It’s no wonder that at this point they are acting like a bunch of blockheads. Blimey, this lot can’t even save the world properly. Who in their right mind would drop drugs on the cusp of a climactic confrontation upon which they believe the fate of the world to hang? No one. But then these people aren’t in their right mind, so I guess that works. There’s a nice comic pay-off when even the villain appears baffled by their stupidity (“You cretinous CHIT!”) and his plan, which isn't even the plan The League think it is, is only derailed by the actions of a background thug who has no real notion of the events in which he is so pivotal. Which can’t be accidental. I mean, let’s face it, Alan Moore runs a tight ship narratively, if it’s in there it probably means something. What it means is that his is a pretty bleak experience both for the characters and the reader. Photobucket

Oh, there’s humour in here but not enough to lift it far out of the doldrums. In fact the jokiest joke is the worst joke here. There’s a whole panel wasted here on a Jumping Jack Flash joke that is so leaden I actually resented its hogging of an entire panel. Even the best joke, the one about body swapping (“I’m perplexed.”), is so delightfully nasty it just serves to reinforce the desolation of the book rather than relieve it. Look, the last image in the book is of a sad old man assaulted by the music of the young and angry while slumped on a chair dripping with his own piss. Not exactly Benny Hill is it?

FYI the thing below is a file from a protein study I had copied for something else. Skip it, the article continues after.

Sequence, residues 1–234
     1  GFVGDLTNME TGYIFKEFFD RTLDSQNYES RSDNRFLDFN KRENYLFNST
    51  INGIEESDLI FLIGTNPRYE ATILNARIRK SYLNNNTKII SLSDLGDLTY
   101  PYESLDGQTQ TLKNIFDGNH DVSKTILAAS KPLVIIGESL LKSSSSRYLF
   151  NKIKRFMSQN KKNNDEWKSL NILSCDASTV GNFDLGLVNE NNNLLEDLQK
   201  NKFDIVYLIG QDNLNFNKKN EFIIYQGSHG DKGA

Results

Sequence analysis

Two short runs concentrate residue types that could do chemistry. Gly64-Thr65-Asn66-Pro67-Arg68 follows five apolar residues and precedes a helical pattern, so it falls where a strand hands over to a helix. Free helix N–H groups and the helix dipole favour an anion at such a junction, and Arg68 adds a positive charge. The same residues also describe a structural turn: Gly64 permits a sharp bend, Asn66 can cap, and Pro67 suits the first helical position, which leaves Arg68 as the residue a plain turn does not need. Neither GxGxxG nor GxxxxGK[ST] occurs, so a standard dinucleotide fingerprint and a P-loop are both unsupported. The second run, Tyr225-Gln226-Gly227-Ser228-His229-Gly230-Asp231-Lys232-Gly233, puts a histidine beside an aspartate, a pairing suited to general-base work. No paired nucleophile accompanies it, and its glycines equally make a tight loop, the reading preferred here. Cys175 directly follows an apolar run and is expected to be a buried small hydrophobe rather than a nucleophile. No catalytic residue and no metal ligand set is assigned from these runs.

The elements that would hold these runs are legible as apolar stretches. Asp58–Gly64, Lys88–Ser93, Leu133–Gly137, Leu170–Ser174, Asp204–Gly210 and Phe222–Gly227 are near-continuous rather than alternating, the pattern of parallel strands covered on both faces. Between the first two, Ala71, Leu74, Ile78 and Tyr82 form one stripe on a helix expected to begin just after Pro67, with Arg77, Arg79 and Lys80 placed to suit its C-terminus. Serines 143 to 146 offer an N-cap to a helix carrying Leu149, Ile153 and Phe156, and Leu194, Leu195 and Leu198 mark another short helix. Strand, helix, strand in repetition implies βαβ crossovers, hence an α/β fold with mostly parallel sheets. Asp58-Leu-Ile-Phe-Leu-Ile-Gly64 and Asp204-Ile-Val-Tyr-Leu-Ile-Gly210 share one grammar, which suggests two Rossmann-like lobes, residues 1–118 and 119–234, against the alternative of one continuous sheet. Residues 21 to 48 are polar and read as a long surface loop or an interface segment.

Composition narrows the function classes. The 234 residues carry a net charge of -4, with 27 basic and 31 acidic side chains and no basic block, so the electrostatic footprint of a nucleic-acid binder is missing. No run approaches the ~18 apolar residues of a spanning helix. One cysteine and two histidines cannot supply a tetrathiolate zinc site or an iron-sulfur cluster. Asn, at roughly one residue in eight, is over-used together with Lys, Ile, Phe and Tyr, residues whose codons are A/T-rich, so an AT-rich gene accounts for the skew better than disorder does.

Which, not entirely smoothly, brings me to the most likely cause of upset regarding this here periodical: there’s far too much slapping of little bald men’s heads to the accompaniment of a jaunty tune. No, of course not, but there is quite a lot of sexual violence on these pages. I’d really like to just breeze past that one but sometimes you just have to grasp that nettle. Remember when I used to just make terrible Dad Jokes about bad super hero comics? And Kurt Busiek would patiently correct my blunders? Such happy times! What? I’m not avoiding anything!

Oh, okay…  Fair disclosure here, I’m about to give Alan Moore the benefit of the doubt. I have read and enjoyed his work since he poked his young head up in the pages of 2000AD. I guess I am a fan? I’m not uncritical though I try not to be that kind of fan. I mean I love Howard Victor Chaykin to bits but I’m never going to recommend FOREVER MAELSTROM to anyone, okay? Similarly with Alan Moore I didn't buy LOST GIRLS because the page I saw in TCJ had a woman talking about the texture of a bull’s pizzle. Maybe it was a horse, anyway the point is I don’t want to read about beloved children’s characters achieving sexual satisfaction by touching animal’s privates. I’m funny like that. Call me old-fashioned. So while I’m not a hater I guess I’m not a lover but I am a fan. Caveat ends.